I was raised in a fundamental religious environment and taught literal Biblical creationism. I had a teacher tell me in third grade (private school) that "Satan put dinosaur bones in the earth to lead us from the truth". At my public high school in the conservative south, the biology teacher mentioned the key points of both evolution and creationism and then refused to take questions on either, on the grounds that she was only doing what her job required and would not talk about blasphemous theories that she didn't believe.

Yes, really.

I'm now a staunch atheist who believes in evolution, and my interest in environmentalism comes from my realization that no one is going to save the human race from our mistakes. In the religion in which I was raised, many people did not recycle or otherwise act in environmentally conscious ways, because they believed that Jesus would return within their lifetimes and the earth would be destroyed and made new--that was really their excuse for ignoring the issues.

I don't find all Christians to be so small-minded. But my experiences growing up definitely affected my spiritual beliefs and also my attitude towards taking care of the earth now.

jewishfarmer said...

I'm a Jew, and "Creationism" is not a Jewish thing. Believing in G-d and believing in science are not contradictory in any way. The Jewish view tends toward's Einstein's - the elegance of biology and physics themselves suggest the beauty of G-d - no need to revise them to make G-d fit.

Bob, could you be more offensive? I mean if you really, really tried to be a jerk?

Sharon

Anonymous said...

I consider myself a Christian, but was taught and believe in evolution. My science classes taught evolution and my Sunday school taught creationism. I think of God as a mother nature figure and that we should take great care of this wonderful planet. It's the only one we have. Debbie C

Carmen said...

@Katie "I was raised Catholic."

I went to Catholic school for 13 years. We were always taught evolution. I don't believe the Catholic church has any dispute with evolution, or the big bang, etc. Something to look into....

Theresa said...

I was taught about evolution in my public school and my protestant church taught the creation story but I never saw the two as opposed - they're just two ways of looking at the same thing.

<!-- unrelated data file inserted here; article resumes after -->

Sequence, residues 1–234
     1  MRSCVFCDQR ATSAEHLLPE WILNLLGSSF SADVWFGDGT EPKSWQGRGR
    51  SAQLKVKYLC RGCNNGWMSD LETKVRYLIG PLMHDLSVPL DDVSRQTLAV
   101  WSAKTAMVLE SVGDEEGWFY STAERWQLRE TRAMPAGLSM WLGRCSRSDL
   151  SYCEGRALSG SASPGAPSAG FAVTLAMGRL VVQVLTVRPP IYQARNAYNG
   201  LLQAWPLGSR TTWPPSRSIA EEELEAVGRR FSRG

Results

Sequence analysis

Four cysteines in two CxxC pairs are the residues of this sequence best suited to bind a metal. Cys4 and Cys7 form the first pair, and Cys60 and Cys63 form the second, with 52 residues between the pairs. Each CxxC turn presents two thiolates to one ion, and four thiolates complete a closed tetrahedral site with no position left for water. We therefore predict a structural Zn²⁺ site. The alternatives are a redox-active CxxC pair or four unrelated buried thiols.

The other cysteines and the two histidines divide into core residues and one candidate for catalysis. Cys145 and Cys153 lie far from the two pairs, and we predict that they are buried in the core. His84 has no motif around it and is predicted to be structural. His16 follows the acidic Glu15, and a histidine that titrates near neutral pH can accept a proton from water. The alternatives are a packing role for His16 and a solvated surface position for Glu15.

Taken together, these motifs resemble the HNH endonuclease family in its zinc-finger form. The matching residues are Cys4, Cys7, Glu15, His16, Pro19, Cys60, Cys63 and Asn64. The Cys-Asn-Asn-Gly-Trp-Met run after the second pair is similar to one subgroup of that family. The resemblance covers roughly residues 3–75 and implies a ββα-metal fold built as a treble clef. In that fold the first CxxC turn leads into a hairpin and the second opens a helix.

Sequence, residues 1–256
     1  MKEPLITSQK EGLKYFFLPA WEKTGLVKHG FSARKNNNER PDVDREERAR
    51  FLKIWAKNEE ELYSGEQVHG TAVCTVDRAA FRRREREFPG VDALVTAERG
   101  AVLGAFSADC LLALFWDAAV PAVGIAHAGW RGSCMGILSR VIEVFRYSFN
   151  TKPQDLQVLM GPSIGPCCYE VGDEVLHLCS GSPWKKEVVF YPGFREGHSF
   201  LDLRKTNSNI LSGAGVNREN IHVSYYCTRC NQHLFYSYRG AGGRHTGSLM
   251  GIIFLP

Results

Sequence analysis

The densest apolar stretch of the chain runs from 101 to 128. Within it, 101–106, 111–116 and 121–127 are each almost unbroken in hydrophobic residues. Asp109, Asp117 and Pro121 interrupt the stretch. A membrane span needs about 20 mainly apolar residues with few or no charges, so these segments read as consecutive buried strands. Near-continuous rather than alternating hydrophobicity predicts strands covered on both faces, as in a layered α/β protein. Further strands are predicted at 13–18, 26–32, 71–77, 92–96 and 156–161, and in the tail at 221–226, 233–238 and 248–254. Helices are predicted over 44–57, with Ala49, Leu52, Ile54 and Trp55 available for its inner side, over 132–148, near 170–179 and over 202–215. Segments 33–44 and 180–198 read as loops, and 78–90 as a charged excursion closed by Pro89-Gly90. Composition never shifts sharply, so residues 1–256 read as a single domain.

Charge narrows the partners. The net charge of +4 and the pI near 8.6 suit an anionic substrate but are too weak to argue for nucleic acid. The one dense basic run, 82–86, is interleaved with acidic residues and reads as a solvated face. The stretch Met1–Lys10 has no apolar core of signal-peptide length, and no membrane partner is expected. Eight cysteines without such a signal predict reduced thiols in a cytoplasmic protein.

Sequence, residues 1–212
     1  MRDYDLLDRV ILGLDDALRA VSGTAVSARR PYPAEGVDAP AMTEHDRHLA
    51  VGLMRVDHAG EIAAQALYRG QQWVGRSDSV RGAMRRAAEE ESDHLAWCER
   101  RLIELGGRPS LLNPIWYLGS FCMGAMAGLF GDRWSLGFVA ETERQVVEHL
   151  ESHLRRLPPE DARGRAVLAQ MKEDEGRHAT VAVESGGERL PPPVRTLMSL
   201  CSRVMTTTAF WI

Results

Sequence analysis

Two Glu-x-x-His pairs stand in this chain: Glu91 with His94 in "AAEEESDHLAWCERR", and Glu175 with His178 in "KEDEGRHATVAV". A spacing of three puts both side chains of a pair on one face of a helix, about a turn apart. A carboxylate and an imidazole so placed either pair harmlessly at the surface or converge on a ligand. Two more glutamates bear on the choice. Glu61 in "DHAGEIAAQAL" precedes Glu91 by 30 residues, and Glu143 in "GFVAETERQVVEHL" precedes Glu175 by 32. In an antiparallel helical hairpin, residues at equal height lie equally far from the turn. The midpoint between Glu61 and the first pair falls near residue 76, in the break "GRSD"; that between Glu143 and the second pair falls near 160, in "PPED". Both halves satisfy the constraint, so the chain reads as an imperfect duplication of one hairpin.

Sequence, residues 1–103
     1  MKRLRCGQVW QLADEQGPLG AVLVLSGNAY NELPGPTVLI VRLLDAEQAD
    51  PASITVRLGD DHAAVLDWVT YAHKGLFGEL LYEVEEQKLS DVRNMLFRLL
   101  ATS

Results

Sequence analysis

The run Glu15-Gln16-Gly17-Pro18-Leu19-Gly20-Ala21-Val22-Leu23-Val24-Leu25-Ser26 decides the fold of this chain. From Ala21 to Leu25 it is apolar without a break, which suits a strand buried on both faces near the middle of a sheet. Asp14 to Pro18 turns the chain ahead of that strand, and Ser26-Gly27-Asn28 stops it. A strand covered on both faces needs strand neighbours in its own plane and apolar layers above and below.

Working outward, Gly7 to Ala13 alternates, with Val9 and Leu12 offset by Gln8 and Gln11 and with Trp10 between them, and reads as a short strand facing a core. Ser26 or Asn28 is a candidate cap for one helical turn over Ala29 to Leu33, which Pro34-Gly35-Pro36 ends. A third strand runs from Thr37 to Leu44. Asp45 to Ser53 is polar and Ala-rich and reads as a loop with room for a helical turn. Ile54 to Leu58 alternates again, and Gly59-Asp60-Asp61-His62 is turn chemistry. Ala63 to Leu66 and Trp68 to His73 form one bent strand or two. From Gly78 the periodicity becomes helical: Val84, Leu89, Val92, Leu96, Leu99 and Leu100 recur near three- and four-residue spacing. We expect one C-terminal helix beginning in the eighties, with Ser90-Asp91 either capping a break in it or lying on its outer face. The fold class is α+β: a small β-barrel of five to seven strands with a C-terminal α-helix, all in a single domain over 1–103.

I've always wondered what the hullabaloo about the whole thing is anyway: the fact remains we have one planet to live on and take care of and we all have that in common.

Maeve said...

I too think Earth will survive just about anything short of planetary explosion. Our hubris is thinking our species matters a whit in the epochal scale of time.

I believe in things that some would frankly find goofy, but those beliefs do not negate my understanding and belief in evolutionary processes as witnessed in the natural world.

There is a huge difference between "origin of the Earth" evolution, and species adaptation or environmental change.

"Origin of the Earth" belongs in cultural mythology courses, not a science class. Bangs, Gods, whatever, it is not relevant to serious scientific study.

Those things don't change our observations of migratory patterns of butterflies, they don't change our understanding of viruses mutating and adapting, etc.

I can believe in the worth of immunizations and still believe in the gods.

I really dislike, intensely, so many people's assumptions that science and faith are mutually exclusive. They're not.

Bucky said...

Interesting that we don't have anyone standing up to support strict creationism.

Speaks well of your readers, Crunchy.

logic11 said...

I'm an atheist who comes from a pagan/wiccan family background (for the longest time I referred to myself as a lapsed wiccan before finally giving up on the family faith...) and I am convinced by the logic behind evolution. In fact, I have found over the years that those who dispute evolution will, when pressed, reveal a profound ignorance over what evolutionary theory is. The biggest one is the statement that "Evolution doesn't explain how life began". Of course it doesn't, it isn't supposed to. The working theory is abiogenesis, which recently got a major boost in that a primitive form of proto-life was actually spawned in a lab exactly the way the theory predicted, but that still isn't evolution.
The other big one is simply time scale. Yes, if you believe the earth is 6000 years old evolution doesn't work... but neither does most of modern physics and biology. If you accept the time scale,then you have to totally revise all of your assumptions because we as humans have trouble with really big numbers...

P said...

IMO - God intelligently designed evolution so as not to have to micromanage all the work. ;-)

Alison Kerr said...

I was raised Christian. I never thought that precluded acceptance of evolution as a very well evidenced scientific theory.

Nowadays I'd say my beliefs are closer to Buddhist, which seems to be supported more and more by our research and understanding of quantum physics.